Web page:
You started as an intern and now you're a lead engineer. What kinds of growth have you seen in yourself, as well as at CityBase, in the time you’ve worked there?
I started at CityBase in June 2015. I’ve seen it grow from just a dozen people to the rapid growth we’re seeing now. There are always a number of challenges you run into along the way, but tackling those challenges head-on and coming up with creative solutions have helped me grow. It’s given me a lot of experience that I don’t think I would have received at a larger organization.
What’s something you did, as an intern or full-time team member, that reflects the kind of culture CityBase has developed?
When I was an intern, I helped respond to requests for proposals. One proposal I submitted resulted in a client engagement for CityBase. A few months later, once I came on as a full-time employee, I ended up being the project manager who helped implement the solution for that new client. I was able to participate in the process from sales all the way to implementation. It shows CityBase’s willingness to grow team members, building their career even as they move to different roles.
[My experience] shows CityBase’s willingness to grow team members, building their career even as they move to different roles.”
What solutions are you helping to engineer for governments?
I’m involved in projects focusing on payment processing for credit card and electronic check transactions — so, I am responsible for understanding the rules and regulations of taking a card or eCheck and processing that payment. Last year, we implemented payments for the City and County of San Francisco, where I was heavily involved in bringing them onto the CityBase platform.
Nadia Bajwa, Product Manager
Nadia serves as the subject matter expert for customers on CityBase’s case management product. She works closely with every team to gather the encyclopedic knowledge necessary to answer any question or challenge a customer might have using CityBase’s product.
BEYOND WORK: Nadia’s passion for art and travel go hand in hand. She loves camping out in a foreign outpost and creating art that depicts her Pakistani background, passion for science and interest in feminism.
CityBase is a mission-driven company, working to help government be more effective. How do you feel like you personally are making a change for the better?
We’re working with San Francisco’s Cannabis Equity Program to help get their cannabis business permitting application process off the ground. This has been such a politically-charged subject area that has disproportionately impacted people of color who have been incarcerated for non-violent crimes, and it’s important to me to be able to contribute solutions that address this.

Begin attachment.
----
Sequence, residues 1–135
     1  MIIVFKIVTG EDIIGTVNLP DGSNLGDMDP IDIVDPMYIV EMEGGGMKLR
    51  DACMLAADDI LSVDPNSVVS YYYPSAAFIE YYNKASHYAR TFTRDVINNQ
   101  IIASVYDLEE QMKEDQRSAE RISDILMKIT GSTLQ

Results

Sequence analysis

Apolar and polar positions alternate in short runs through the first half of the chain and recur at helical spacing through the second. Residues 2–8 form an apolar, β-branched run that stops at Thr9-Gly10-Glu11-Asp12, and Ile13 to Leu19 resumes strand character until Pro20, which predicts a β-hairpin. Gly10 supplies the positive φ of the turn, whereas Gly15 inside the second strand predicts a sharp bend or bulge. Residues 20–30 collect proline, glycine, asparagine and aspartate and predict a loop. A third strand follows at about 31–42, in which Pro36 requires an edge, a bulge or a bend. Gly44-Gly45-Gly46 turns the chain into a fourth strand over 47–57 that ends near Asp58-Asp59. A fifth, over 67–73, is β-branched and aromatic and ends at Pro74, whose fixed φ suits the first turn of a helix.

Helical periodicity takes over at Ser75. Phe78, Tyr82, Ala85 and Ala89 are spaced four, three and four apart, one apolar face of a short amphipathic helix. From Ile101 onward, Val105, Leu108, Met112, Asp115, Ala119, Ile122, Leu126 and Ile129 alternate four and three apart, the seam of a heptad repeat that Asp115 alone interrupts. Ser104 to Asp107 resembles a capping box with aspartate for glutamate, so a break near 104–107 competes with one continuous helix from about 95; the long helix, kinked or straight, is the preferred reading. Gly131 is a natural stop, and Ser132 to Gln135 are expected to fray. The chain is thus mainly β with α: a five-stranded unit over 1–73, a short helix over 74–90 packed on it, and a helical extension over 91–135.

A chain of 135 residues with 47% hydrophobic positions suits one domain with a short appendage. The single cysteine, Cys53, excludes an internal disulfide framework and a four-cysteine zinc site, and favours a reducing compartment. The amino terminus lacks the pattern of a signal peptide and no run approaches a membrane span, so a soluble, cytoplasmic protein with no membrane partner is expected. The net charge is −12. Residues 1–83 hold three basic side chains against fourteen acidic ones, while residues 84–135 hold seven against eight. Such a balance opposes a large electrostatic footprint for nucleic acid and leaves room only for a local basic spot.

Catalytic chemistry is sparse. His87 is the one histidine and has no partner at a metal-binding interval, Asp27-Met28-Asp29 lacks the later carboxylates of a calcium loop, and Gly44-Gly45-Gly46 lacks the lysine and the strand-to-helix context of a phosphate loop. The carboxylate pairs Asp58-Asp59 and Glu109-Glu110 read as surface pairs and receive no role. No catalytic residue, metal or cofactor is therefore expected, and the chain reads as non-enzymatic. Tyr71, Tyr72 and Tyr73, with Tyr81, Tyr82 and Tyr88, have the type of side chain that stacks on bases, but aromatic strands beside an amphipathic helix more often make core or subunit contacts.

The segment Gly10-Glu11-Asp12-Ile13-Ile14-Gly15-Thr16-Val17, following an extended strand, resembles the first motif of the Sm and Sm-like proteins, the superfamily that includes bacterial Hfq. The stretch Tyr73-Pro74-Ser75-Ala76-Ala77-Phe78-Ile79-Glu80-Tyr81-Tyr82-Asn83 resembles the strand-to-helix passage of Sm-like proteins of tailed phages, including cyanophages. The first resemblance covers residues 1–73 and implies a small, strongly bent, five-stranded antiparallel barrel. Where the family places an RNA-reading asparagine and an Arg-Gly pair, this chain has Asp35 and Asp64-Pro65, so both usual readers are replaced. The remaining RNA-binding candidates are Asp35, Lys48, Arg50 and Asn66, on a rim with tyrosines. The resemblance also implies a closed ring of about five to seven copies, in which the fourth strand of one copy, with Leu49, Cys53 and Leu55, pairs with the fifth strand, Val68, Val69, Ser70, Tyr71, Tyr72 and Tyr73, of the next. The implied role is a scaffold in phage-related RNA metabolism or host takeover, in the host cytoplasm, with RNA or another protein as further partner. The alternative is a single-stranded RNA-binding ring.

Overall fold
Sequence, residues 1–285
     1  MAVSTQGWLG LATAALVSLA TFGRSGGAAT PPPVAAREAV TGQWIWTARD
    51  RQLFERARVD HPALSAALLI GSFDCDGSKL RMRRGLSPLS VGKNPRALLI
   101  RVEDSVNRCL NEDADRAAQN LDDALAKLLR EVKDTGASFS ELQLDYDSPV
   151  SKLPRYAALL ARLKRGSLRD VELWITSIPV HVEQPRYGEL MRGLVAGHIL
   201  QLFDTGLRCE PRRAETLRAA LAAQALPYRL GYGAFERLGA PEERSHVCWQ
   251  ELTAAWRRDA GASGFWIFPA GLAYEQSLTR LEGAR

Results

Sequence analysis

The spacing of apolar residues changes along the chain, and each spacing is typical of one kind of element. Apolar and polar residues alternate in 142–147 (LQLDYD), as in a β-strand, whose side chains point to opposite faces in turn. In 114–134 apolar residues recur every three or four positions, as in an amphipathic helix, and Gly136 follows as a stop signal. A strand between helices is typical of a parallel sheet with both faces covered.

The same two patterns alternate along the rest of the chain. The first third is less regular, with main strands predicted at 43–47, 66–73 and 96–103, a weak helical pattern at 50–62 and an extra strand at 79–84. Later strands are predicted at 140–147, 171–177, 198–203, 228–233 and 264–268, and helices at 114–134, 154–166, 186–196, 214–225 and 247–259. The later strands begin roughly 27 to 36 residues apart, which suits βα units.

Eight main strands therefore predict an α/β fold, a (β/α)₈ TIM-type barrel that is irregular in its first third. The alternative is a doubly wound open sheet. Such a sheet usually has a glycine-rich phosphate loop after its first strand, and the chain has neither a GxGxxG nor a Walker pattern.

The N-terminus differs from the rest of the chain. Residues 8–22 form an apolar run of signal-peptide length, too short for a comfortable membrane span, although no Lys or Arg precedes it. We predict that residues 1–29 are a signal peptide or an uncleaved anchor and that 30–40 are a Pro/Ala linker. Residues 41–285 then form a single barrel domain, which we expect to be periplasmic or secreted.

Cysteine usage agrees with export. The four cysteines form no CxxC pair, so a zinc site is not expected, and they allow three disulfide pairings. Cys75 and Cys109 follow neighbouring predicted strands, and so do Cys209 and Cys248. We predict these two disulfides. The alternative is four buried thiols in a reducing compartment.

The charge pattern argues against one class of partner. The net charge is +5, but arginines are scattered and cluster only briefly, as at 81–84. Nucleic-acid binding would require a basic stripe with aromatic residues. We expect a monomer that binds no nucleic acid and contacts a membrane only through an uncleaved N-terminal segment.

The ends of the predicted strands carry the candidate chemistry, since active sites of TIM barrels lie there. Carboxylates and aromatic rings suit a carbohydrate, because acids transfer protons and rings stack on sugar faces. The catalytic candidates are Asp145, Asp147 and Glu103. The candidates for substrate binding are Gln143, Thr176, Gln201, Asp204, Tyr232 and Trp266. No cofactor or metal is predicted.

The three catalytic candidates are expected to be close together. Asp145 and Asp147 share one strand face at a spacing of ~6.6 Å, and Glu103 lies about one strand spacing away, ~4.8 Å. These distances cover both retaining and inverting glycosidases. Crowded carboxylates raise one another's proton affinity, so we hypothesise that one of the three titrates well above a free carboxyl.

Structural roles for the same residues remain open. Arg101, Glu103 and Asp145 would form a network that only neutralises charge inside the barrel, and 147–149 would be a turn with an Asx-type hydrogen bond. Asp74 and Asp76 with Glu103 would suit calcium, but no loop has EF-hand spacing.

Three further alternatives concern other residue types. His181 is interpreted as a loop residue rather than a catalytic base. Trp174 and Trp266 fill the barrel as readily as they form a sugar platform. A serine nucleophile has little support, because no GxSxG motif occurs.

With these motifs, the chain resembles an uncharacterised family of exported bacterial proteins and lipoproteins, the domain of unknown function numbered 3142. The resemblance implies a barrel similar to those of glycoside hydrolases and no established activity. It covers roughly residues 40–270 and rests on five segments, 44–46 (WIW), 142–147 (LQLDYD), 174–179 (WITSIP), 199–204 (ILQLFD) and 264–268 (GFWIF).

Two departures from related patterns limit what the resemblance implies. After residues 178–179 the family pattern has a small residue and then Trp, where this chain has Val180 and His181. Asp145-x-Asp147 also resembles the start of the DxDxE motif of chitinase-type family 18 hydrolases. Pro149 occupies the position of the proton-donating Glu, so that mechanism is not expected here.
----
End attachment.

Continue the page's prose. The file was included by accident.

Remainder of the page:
You work closely with CityBase’s clients. What kind of interactions do you have and how does that shape the product?
We have a number of touchpoints with clients. They range from close partnerships to contextual interviews to feedback surveys and support requests. For one client, we went to their offices, observed how they solve for permits and recorded a wish list and a series of frustrations they felt with the current process. We used that information to inform our solution to their problem.
Instead of going public immediately with our product updates, we’ve asked super-users to participate in a closed beta. We will be collecting data from participants throughout this process via in-person interviews and surveys. All the features that we’ve built have been validated by our users. For our case management feature, we had ten users test it before we even started to build anything.
For one client, we went to their offices, observed how they solve for permits and recorded a wish list and a series of frustrations they felt with the current process. We used that information to inform our solution to their problem.”
Tell us about a project your team has developed. What impact has it had on a client you’ve worked with?
Initially, the product I worked on was more of a form-builder and workflow automation tool. We’re now developing it into a case management tool. Instead of only supporting linear processes, we can facilitate more complex stages in the workflow and promote collaboration across different agencies. Users can create a narrative around a single applicant and facilitate multi-step interactions between government agencies and constituents.